These questions expose the fundamental misunderstanding of many family and friends who have not experienced abuse themselves. Abuse damages its victims in more ways than just physically and sexually (although that damage is very difficult). At a deeper level, abuse begins to alter the way the abused person perceives reality. The changes can be subtle and are often not visible in other parts of the person’s life. For instance, their performance at work may remain unchanged or their friendships can be very balanced and healthy. Inside the microcosm of the abusive relationship, however, the person who has been abused is filled with doubt and oftentimes feelings of guilt. Added to this is the fact that many abuse victims tend to be “givers” by nature. Wonderful character traits such as loyalty, devotion, and a willingness to sacrifice for others can be twisted and used against someone by an abusive person. In those settings, it doesn’t take long for someone to begin to lose clarity in how they perceive the abusive relationship they are in. Many people who have been abused believe things like: “If I were more careful with my words, he wouldn’t get so angry” or “I don’t understand why I can’t make him happy”. These thoughts betray an unhealthy shift in terms of her understanding of relational boundaries and responsibility. It’s even possible for the abused to believe that she is close to being “good enough” to make relationship work. At that point, she digs her heels in and works harder than ever to please her husband, protect her children, or whatever she feels is needed most.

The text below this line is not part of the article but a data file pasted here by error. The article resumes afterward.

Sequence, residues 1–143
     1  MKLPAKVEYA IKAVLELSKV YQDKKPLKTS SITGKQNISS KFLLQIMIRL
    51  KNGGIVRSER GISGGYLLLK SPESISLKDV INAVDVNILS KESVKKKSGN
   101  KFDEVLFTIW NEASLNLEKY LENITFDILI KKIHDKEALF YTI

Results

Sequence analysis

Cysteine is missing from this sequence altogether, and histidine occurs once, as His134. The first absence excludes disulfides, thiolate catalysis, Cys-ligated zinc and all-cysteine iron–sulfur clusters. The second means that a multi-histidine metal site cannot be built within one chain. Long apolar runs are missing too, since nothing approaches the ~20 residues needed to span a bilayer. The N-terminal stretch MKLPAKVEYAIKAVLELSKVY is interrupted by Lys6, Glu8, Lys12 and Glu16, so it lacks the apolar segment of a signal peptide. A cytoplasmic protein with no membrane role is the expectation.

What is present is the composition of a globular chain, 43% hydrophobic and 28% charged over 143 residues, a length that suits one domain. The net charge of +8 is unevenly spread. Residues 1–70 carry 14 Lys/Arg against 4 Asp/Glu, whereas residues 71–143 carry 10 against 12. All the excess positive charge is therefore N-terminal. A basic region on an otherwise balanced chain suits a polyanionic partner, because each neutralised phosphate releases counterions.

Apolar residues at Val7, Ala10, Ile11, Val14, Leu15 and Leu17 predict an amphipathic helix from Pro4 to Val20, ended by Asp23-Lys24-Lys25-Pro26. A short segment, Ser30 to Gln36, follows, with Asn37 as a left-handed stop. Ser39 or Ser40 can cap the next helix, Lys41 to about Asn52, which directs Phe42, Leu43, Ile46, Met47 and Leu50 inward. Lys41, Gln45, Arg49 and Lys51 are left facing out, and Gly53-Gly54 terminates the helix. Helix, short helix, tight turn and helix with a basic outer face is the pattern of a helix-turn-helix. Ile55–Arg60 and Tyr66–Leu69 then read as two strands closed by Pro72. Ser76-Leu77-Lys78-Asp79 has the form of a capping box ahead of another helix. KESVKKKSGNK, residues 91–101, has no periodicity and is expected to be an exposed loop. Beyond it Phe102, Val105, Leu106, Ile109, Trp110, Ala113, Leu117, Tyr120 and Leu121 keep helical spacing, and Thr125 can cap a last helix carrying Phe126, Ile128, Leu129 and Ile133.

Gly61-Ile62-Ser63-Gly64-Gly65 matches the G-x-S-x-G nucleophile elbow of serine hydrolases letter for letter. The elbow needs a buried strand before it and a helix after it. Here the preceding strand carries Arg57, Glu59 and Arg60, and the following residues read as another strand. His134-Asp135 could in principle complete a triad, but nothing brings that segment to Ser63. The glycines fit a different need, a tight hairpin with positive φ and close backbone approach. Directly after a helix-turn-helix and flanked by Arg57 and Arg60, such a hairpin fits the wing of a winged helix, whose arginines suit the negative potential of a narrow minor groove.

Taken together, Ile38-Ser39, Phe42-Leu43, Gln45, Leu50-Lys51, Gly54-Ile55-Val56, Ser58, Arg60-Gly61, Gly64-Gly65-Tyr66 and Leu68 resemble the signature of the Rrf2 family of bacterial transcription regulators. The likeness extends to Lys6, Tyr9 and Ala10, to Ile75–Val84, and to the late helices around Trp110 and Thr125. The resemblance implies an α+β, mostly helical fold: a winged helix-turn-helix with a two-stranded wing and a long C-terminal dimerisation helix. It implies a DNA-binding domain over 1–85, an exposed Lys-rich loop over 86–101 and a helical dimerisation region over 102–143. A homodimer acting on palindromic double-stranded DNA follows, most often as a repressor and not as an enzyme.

It is often in the midst of this storm that family or friends step in and in an effort to “help”, push the person to make a change, or even criticize their decisions. It’s important to note that the family or friends may be right about the injustice the person is suffering in their relationship but, their callously spoken right answers will only cause the abused person to doubt themselves more and at times, like themselves less. So, if you have a friend or loved one who is suffering abuse, but is unable to escape it, keep these things in mind: